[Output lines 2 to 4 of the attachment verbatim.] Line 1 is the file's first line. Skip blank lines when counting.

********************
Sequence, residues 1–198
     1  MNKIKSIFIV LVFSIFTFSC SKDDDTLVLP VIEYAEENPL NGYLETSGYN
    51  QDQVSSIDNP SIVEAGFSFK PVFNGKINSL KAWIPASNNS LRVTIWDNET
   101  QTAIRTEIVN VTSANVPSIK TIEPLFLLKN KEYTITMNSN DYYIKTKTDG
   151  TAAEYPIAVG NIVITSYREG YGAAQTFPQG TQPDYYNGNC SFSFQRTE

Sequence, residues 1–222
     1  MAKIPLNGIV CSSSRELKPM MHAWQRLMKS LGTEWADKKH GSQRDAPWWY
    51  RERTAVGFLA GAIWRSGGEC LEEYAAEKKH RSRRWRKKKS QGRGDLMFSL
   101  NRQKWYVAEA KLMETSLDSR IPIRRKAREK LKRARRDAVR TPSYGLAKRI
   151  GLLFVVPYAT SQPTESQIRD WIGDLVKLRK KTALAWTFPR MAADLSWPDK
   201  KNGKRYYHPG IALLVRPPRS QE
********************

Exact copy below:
     1  MNKIKSIFIV LVFSIFTFSC SKDDDTLVLP VIEYAEENPL NGYLETSGYN
    51  QDQVSSIDNP SIVEAGFSFK PVFNGKINSL KAWIPASNNS LRVTIWDNET
   101  QTAIRTEIVN VTSANVPSIK TIEPLFLLKN KEYTITMNSN DYYIKTKTDG